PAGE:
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Sunday - March 28, 2010

From: Austin, TX
Region: Southwest
Topic: Shade Tolerant
Title: Austin Shade Plants for Pots
Answered by: Dean Garrett

QUESTION:

I live in a condo in Austin Texas so I don't have any flower beds or yard space. I would like to put a few large pots of plants and flowers on my front patio but it's mostly shaded during the day. What types of shade plants would flourish well in pots in the climate where I live?

ANSWER:

Mr. Smarty Plants has been in exactly the same situation before and found several native plants that did well in pots in dappled shade.

A favorite was Chile Pequin (Capsicum annuum var. glabriusculum), a 2-3 ft. deciduous shrub with small, red or orange chile pepper berries preceded by small white flowers. I trimmed it each winter to keep it at a size I liked and it produced spectacularly, delighting the mockingbirds. A plus is that you can use the chile peppers yourself in cooking - if you can stand the heat. They are exceedingly hot.

Another semi-woody plant that can get somewhat larger is Turkscap (Malvaviscus arboreus var. drummondii), a common local native with hand-sized deciduous leaves and hummingbird-attracting red flowers in spring and summer. It should have a large pot and should be cut back each winter to keep it from getting too tall for the space.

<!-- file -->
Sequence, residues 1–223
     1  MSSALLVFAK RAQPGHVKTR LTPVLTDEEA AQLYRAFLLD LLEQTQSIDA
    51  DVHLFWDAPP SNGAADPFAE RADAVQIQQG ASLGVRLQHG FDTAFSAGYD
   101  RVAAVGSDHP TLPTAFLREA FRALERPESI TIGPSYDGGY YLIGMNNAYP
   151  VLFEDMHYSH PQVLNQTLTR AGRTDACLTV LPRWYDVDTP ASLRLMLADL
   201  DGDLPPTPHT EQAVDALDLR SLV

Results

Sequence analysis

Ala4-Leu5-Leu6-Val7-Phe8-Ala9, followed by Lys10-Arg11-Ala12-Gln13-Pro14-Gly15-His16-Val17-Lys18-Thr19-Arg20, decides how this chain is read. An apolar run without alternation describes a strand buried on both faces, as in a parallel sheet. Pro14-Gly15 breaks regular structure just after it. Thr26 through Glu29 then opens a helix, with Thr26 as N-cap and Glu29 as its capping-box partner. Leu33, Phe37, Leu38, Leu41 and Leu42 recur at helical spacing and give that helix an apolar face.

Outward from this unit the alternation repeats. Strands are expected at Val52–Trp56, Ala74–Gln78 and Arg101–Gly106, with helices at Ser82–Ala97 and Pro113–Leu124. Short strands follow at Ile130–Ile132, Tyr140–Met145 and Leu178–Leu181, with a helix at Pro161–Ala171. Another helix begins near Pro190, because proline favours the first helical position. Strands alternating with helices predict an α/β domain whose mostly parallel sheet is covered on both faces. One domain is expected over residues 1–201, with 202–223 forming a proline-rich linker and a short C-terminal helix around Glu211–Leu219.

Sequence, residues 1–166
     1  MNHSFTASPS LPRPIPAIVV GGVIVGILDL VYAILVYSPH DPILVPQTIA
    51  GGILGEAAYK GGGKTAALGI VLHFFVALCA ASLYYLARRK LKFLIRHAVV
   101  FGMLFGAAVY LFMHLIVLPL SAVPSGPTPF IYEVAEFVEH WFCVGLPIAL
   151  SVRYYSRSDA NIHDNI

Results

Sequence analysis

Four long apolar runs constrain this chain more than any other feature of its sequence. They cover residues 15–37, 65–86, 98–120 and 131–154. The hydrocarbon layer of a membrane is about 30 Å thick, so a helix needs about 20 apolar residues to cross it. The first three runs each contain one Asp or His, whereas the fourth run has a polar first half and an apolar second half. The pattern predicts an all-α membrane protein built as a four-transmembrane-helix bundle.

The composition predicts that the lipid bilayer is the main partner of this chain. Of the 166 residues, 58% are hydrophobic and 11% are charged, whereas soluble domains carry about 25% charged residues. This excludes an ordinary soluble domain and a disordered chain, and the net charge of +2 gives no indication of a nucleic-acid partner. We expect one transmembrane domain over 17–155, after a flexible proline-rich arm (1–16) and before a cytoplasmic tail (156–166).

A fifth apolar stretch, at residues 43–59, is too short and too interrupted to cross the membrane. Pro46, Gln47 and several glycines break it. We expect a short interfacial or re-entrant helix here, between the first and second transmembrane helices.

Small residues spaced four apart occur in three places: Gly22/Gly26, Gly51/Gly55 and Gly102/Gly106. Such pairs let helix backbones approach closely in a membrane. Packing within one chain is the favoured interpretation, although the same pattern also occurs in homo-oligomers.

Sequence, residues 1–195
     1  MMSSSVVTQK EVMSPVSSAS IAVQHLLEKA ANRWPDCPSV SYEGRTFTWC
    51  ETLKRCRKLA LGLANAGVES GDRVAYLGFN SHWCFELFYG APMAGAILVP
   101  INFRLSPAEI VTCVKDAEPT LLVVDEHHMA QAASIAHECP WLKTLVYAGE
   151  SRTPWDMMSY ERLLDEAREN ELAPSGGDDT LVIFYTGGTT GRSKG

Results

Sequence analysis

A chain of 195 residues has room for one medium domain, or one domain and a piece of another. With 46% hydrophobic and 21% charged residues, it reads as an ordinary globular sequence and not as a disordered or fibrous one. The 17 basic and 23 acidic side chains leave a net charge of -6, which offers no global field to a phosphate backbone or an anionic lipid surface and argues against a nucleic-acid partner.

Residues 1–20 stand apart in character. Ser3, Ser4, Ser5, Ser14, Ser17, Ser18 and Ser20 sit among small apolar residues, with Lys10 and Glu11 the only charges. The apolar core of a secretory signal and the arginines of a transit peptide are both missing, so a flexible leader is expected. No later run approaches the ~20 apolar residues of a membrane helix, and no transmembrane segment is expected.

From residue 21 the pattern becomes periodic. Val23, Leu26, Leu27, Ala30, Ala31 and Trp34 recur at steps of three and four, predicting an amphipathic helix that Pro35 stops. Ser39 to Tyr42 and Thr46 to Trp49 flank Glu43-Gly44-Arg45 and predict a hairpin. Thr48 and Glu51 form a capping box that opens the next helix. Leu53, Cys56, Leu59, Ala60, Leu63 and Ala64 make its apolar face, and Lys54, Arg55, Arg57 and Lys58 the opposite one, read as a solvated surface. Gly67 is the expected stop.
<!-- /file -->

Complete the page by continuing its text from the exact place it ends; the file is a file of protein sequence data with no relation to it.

A locally native plant that can lend a tropical lushness is River Fern or Wood Fern (Thelypteris kunthii). I massed it in pots and used it to foreground or background other plants.

Another plant to mass is a grass, Inland Sea Oats (Chasmanthium latifolium), a common native landscaping grass for shade that also does well in pots. Grows to two or three feet. Cut it back at the end of winter and use the cut stalks in dried arrangements.

Another favorite was Cedar Sage (Salvia roemeriana), a scallop-leaved salvia with brilliant red flowers in spring and intermittently through the summer. Plant several in a large pot or single ones in smaller pots to attract hummingbirds.

The ferny foliage of Eastern Red Columbine (Aquilegia canadensis) makes it a good accent plant and its red and yellow flowers are a delight in the spring.

At the base of the Chile Pequin, I planted the spring-blooming perennial, Fragrant Phlox (Phlox pilosa), which spilled over the edge of the pot and perfumed the air when in bloom. It needs at least dappled sunlight, though.

All these plants will either die to the ground or lose their leaves in winter, but unlike the nursery tropicals normally planted in pots, they can survive our cold winters and will reappear in spring.

 

 

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